Let the overreaction to Spring Training numbers begin! Gregory Polanco went 3-for-3 with 2 stolen bases in his debut — 115 SB prediction for Polanco! Jason Castro went 2-for-2 with a HR in his first game — 60 HR for Castro! Shelby Miller allowed 2 runs, 3 hits over 2 innings — that is actually pretty on-brand for Shelby Miller. Do not trust Shelby Miller! Health is really what you’re looking for in Spring Training and these guys are failing that test so far…
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Michael Bourn, BAL, Broken Ring Finger.
The shell of Michael Bourn is competing for the 4th OF role in Baltimore and just broke his finger playing catch with a football. Since 2013 he has totaled 65 stolen bases. In 2011 he had 61 SB alone. ‘Member him?
Zach Britton, BAL, Oblique Discomfort.
Britton is saying that he’s not worried about his oblique and that it’s improving and I’m apt to believe him because I’m sure he has my interests in mind. Zach Britton’s 0.54 ERA (not a typo) in 2016 will lead him to be one of the first closers off the board. With over a month of rest and recovery time — Britton should recover just fine and even if his ERA doubles (it has to rise — right?!) he’ll still be the #1 closer in the game.
Francisco Cervelli, PIT, Sore Right Foot.
Cervelli is that catcher you take in the 25th round when you turn spiteful that you missed out on the 3 catchers that matter. He’ll barely hit home runs, he’ll accidentally steal 1 base, but a career .280 average and .361 OBP means he won’t kill your team there. Born in Venezuela, but playing catcher for Team Italy based on his name alone, the World Baseball Classic will be a good test to see if this boring catcher should be your last overall pick.
Tyler Collins, DET, Strained Left Lat Muscle.
Battling Mikie Mahtook, JaCoby Jones and Anthony Gose for the Tigers starting center field gig, Collins took a step back in the running when he suffered a strained left lat muscle. However, Collins is still able to DH and pinch run in Spring Training. However, having your manager say, “The injury doesn’t help for sure,” is never something you want to hear.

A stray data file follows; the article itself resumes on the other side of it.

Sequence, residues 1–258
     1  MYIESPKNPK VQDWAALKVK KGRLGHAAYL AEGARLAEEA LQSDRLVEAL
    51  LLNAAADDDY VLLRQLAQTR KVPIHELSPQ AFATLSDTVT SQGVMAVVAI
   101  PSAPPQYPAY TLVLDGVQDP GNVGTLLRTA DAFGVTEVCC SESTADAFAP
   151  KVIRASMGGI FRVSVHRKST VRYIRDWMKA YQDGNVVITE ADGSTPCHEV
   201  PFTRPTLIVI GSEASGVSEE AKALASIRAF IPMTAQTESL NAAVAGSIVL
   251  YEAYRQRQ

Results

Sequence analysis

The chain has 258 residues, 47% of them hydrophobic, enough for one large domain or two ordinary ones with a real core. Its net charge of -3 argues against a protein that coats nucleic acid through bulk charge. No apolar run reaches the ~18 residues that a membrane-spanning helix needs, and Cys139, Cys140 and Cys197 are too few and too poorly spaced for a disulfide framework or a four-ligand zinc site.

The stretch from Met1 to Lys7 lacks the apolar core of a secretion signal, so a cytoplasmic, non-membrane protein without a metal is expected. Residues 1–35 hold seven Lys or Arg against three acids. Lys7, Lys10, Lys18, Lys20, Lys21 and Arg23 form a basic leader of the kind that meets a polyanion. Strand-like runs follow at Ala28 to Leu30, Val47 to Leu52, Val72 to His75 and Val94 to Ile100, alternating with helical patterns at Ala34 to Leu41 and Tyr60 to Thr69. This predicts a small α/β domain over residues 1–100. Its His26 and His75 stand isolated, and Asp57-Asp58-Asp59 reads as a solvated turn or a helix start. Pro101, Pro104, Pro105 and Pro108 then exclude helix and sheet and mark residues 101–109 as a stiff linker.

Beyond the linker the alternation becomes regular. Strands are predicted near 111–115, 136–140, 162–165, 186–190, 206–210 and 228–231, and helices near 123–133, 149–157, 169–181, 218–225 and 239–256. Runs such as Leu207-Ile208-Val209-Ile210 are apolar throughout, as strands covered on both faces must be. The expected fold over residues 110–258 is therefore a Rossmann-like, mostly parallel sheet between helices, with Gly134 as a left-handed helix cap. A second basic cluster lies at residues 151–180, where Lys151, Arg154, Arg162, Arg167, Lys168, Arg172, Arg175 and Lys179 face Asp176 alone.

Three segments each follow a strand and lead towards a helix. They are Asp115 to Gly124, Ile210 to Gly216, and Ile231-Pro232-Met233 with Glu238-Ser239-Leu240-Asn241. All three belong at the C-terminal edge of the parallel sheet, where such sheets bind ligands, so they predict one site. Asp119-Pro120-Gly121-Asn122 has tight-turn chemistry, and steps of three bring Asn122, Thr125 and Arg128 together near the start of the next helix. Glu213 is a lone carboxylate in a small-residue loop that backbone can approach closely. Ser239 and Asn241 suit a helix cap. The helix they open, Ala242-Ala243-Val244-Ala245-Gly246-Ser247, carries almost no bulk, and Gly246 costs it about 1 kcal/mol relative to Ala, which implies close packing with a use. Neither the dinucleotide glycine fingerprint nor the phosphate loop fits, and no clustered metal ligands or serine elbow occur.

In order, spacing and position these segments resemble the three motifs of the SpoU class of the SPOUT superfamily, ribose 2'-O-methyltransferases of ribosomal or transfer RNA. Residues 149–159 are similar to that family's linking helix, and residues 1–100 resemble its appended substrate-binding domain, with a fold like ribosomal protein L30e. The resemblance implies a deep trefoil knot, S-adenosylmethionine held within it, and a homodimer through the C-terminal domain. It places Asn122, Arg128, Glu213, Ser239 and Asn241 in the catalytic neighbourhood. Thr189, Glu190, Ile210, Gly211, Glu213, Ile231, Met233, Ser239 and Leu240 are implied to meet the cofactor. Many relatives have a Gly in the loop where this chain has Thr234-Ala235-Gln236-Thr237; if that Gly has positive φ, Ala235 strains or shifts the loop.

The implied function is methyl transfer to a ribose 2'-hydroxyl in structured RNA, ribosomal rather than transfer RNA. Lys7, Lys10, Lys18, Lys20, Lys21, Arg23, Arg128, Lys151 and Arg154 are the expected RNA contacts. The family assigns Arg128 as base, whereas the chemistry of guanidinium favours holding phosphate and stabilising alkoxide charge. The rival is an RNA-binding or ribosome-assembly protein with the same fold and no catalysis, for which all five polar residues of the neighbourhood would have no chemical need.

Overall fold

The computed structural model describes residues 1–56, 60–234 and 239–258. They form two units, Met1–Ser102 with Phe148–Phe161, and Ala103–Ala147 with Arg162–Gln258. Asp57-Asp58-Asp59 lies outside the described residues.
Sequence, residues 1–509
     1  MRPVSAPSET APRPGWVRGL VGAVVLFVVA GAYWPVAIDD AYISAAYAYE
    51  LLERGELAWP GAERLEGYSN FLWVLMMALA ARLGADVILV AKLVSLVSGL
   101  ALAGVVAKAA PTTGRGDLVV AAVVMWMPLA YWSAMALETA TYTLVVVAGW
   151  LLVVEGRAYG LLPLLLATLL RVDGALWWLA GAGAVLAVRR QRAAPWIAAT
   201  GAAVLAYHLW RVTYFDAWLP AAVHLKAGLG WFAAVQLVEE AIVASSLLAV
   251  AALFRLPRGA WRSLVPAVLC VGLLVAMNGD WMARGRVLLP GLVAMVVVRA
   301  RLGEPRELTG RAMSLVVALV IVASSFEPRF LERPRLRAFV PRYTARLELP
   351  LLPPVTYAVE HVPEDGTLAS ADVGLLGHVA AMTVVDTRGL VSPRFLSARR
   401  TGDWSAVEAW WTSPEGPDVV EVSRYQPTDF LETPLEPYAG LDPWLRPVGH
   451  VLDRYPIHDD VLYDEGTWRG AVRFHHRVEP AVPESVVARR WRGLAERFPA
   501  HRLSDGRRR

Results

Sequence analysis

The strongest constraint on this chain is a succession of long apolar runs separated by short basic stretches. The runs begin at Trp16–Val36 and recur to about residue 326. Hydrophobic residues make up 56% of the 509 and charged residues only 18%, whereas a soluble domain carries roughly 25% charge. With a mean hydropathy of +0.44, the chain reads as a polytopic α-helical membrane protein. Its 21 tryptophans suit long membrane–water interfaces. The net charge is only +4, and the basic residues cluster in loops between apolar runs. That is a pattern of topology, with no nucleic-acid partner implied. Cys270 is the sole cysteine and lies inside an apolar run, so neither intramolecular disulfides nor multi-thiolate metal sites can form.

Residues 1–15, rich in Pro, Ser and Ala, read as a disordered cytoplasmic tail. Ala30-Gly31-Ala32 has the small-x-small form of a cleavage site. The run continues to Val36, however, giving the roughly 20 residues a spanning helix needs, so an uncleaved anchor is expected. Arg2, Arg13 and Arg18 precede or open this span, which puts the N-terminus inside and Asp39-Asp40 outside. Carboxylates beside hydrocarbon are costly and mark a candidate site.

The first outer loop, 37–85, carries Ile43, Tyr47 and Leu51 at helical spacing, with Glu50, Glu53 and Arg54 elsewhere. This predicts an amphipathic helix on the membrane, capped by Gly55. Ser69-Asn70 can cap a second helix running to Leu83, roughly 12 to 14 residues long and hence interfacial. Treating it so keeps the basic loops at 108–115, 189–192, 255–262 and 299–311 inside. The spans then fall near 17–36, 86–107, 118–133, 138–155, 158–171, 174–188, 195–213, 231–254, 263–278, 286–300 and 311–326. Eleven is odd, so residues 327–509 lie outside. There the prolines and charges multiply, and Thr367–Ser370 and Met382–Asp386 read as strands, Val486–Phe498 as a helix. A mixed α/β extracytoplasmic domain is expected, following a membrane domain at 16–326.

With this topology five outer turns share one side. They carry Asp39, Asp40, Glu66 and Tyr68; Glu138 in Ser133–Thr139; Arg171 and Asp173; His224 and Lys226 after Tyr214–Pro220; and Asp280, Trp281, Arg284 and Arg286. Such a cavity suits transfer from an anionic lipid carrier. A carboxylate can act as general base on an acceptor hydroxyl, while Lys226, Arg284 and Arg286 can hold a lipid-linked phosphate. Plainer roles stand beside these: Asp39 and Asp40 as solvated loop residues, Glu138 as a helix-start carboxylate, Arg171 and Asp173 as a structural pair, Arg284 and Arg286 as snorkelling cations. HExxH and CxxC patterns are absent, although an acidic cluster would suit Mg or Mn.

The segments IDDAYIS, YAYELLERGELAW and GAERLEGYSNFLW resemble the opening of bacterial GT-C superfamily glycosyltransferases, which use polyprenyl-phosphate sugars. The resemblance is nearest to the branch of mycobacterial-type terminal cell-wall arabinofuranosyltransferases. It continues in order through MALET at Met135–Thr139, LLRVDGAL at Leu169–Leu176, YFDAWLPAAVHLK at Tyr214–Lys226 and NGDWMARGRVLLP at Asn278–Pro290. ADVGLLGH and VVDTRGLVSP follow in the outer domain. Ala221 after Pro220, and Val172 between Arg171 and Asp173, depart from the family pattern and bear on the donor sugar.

While Collins stole 20 bases in one season in the minors and hit 23 home runs in another, he hasn’t really put it all together in the majors. In 383 at-bats over parts of the past 3 seasons has only put together a .709 OPS. You should be hoping one of the other three outfielders takes the job and runs with it, specifically Gose who stole 23 bases in 2015, or Jones who has shown some power/speed ability in the minors. That’s if you can trust another outfielder with the name JaCoby with or without the misplaced capitalization.
Lucas Duda, Both Hips.
Originally it was reported that The Duda was scratched from the Mets first Grapefruit League game due to his lingering back issues. Now, we’re finding out he had cortizone shots in both hips. This situation is turning into a big ol’ box of nope for anyone thinking of drafting Duda, but that’s just like my opinion, man
Todd Frazier, CWS, Oblique Strain.
New White Sox manager Rick Renteria has described this injury as mild. Frazier’s .225 average from last season is going to scare some owners away so if this mild injury scares Frazier down in your draft a bit more — you need to pounce on him, especially if you miss out on the big four third basemen in the first round. Smart owners like you will recognize that Frazier’s craptastic average in 2016 was a fluke.
First, he had a .240 BABIP — the lowest of his career and 41 points lower than his career. Second, in a 20 week fantasy season — if Frazier had only 1 extra hit per week his average would’ve been about .260. Pair that with his 40 HR and 15 SB and you have a second round pick. Third, Frazier is likely to be traded to a contender before the trade deadline this season so he could easily push 100 runs and RBI in a better lineup. Buy with gusto.
Adrian Gonzalez, LAD, Tennis Elbow.